Friday, October 24, 2008

The ALMOST All Time Philadelphia Eagles = Offense

Remember : This series lauds players who aren't, or maybe never will be, inducted into Canton.

QUARTERBACK : Randall Cunningham

Randall was drafted in the second round of the 1985 draft. He was the 37th player picked overall. Randall came onto an Eagles team that had an aging starter, Ron Jaworski, who had taken the Eagles to a Super Bowl just 5 years earlier. Cunningham's first 2 NFL seasons saw him start in 9 of the 21 games he played. He tossed 9 touchdowns and 15 interceptions over that time. He also was sacked a league high 72 times in 1986. That year, he also ran for 540 yards and scored 5 touchdowns. Randall started 12 games the next year, and was sacked a league high 54 times. He also managed to throw for 23 touchdowns, while having just 12 interceptions. Randall also ran for 505 yards and 3 touchdowns. Cunningham was sacked a league high 57 times in 1988. He was able to complete 24 touchdown passes versus 16 interceptions, while running for 624 yards and 6 touchdowns. Cunningham made his first Pro Bowl team that year, and would receive this honor again the following season. That year saw him lead the NFL with 6 yards per rushing attempt, when he ran for 621 yards and 4 touchdowns. Cunningham also threw 21 touchdown passes and had 15 interceptions. 1990 would be Randall's last Pro Bowl year as an Eagle. He gunned 30 touchdown passes, while having only 13 interceptions. One touchdown pass went 95 yards, which led the NFL that year. He also led the NFL with an average of 8 yards a carry, when he ran for a career high 921 yards and scored 5 touchdowns. Randall was also sacked an NFL leading 49 times. The Eagles porous offensive line caught up to Randall in 1991, when he was injured in the first game of the year. He missed the rest of the season. In 1992, Cunningham returned and was sacked an NFL leading 60 times. He was injured in the 4th game the following year, knocking him out the rest of the season. Randall started 18 games over the next 2 years before heading to the Minnesota Vikings. He enjoyed a career rebirth in 1998, when he had a career best 34 touchdown passes and had only 10 interceptions. He would be named to his final Pro Bowl team that year. He then spent the 2000 season with Dallas, then the 2001 season with the Baltimore Ravens. He retired after that year. In 11 years as an Eagle, Randall Cunningham threw for 22,877 yards, 150 touchdown passes, and 105 interceptions. He ran for 4,482 yards on 677 attempts, while scoring 32 times. He also was sacked an amazing 422 times, and fumbled 32 times. In fact, he led the NFL in fumbles 3 times during his tenure in Philly. Randall was a very exciting quarterback who led the Eagles to the brink of the Super Bowl a few times. He was a talented player who could run or pass for a score. He may not be the best Eagle QB of all time, but he is one of the very best to have ever worn the Kelly green jersey.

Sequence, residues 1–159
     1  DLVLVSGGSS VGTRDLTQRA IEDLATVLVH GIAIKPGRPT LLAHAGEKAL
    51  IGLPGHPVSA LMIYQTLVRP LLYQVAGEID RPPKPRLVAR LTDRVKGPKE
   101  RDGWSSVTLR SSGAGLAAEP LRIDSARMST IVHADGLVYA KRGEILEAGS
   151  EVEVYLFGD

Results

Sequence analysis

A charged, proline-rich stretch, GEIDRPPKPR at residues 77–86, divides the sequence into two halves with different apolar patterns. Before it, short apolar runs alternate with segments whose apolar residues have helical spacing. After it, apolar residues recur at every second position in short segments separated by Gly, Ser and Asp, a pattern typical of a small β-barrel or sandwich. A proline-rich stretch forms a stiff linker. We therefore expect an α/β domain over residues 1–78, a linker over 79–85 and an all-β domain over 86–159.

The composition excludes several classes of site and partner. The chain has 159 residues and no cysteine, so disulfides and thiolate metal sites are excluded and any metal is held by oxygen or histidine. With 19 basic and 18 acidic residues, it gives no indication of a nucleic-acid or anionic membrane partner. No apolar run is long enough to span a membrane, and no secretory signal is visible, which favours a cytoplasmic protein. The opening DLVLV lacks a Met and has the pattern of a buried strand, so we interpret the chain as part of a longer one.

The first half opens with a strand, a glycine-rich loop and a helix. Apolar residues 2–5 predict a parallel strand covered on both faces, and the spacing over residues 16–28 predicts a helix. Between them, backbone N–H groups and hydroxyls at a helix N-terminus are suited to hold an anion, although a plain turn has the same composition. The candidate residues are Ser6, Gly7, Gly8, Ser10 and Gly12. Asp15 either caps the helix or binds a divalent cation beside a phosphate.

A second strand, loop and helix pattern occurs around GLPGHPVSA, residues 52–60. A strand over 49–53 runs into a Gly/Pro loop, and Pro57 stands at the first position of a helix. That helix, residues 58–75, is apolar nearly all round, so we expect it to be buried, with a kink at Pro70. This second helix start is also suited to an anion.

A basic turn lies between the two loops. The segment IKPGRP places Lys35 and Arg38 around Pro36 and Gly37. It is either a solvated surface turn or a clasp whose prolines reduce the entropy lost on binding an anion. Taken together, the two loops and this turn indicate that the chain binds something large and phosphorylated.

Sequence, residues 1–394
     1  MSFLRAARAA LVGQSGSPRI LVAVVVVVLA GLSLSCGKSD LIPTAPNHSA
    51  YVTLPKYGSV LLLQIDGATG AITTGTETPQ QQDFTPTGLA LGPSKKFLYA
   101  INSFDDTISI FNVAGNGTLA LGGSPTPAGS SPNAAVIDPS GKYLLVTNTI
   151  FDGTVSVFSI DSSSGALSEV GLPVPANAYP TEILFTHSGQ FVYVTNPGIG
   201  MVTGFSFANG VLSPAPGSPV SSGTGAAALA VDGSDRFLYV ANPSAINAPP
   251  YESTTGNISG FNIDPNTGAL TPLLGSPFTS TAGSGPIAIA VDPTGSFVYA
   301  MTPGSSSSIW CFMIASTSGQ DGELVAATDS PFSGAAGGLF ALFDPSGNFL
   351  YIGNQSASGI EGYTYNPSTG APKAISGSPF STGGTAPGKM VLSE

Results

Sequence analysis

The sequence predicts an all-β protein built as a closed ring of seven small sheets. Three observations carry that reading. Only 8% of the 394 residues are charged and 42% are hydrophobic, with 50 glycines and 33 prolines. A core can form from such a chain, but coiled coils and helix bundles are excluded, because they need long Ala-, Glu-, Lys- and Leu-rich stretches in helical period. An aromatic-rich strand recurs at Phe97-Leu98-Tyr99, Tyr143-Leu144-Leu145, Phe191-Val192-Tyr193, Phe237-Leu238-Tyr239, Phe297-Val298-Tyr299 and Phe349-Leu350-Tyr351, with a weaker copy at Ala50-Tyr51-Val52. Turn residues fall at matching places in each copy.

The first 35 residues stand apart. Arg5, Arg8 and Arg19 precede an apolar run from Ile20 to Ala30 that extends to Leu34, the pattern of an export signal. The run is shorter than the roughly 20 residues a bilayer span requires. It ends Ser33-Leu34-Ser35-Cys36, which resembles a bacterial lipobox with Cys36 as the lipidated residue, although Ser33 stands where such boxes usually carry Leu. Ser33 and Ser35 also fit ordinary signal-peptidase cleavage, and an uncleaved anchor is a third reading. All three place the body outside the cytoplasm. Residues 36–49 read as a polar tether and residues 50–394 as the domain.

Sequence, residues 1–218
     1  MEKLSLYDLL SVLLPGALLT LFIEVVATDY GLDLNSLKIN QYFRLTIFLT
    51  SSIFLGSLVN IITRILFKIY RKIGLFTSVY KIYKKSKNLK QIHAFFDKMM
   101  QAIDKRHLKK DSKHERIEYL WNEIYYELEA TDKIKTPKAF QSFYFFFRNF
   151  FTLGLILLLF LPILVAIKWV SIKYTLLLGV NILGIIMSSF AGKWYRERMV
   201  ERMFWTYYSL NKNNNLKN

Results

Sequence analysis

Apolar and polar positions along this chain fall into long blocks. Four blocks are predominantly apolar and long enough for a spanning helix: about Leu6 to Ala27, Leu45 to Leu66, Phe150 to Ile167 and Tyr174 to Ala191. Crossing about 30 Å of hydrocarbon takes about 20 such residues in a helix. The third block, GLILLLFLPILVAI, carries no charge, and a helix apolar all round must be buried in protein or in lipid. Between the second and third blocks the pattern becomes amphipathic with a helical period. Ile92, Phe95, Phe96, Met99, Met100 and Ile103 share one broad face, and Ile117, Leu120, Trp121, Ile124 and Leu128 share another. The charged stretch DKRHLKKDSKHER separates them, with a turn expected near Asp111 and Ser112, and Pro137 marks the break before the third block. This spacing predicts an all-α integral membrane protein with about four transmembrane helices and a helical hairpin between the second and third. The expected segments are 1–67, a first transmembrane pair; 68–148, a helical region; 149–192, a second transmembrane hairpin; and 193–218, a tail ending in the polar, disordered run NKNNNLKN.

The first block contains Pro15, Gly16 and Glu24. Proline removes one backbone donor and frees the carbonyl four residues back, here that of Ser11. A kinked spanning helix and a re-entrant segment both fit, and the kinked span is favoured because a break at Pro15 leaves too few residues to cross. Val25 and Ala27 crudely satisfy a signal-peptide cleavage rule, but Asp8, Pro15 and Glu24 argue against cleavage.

FULLBACK : Tom Woodeshick

Tom was an 8th round draft pick in the 1963 draft by the Eagles. He was the 102nd player chosen overall. Tom didn't get the ball a lot his first four years in the league, carrying the ball 155 times for 673 yards and 6 touchdowns. He started to get the ball more in 1967, when he had 155 carries for 670 yards and 6 touchdowns. He also caught 34 balls for 391 yards and 4 touchdowns. 1968 was Woodeshick's best season in the NFL. He ran for a career high 947 yards on a career best 217 carries. He also caught a career high 36 passes for 328 yards. He was named to his only Pro Bowl team that year. Tom also had a strong 1970 season, when he ran for 831 yards on 186 carries. He also caught 22 passes. Tom was only able to play 21 games over the next three seasons due to injuries. He joined the Saint Louis Cardinals for the 1972 season He retired after that year. Woodeshick retired with 4,752 total yards and 27 touchdowns. He may be the greatest fullback in the history of the Eagles franchise.